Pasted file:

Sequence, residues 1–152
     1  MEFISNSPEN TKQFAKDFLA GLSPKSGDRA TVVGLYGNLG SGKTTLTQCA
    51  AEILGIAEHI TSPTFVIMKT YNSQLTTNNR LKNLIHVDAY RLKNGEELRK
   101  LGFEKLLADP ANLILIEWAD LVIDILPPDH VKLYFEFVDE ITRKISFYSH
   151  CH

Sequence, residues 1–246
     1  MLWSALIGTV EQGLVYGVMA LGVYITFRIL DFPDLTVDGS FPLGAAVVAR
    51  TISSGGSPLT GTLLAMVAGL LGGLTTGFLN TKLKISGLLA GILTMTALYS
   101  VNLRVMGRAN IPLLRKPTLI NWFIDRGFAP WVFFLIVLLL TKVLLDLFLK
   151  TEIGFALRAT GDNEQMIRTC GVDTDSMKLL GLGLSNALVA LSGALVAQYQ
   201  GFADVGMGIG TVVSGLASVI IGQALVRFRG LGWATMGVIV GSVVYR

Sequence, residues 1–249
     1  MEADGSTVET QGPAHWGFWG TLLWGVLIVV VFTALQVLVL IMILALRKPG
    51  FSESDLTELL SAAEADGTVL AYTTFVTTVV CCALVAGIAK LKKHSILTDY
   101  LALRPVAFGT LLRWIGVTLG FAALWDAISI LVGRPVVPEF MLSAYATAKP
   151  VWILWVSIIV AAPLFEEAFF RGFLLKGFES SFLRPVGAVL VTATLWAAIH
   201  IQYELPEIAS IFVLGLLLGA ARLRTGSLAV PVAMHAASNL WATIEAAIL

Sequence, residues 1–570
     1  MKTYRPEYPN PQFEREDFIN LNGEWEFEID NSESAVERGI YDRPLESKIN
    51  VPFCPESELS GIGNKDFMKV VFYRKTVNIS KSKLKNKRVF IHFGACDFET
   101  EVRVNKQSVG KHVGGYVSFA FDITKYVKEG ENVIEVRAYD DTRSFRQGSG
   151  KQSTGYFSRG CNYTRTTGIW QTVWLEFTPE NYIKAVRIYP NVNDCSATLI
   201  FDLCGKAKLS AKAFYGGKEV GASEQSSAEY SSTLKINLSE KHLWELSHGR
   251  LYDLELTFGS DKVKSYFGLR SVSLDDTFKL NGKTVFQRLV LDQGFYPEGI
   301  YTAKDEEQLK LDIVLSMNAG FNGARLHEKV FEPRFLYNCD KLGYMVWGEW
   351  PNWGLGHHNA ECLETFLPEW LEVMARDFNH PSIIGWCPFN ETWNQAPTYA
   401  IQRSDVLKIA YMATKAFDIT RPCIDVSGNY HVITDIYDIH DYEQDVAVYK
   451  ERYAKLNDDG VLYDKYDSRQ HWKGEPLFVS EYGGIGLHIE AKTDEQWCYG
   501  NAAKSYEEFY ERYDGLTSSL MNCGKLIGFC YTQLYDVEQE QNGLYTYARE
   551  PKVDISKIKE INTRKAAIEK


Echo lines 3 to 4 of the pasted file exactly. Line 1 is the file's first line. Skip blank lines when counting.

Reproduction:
    51  AEILGIAEHI TSPTFVIMKT YNSQLTTNNR LKNLIHVDAY RLKNGEELRK
   101  LGFEKLLADP ANLILIEWAD LVIDILPPDH VKLYFEFVDE ITRKISFYSH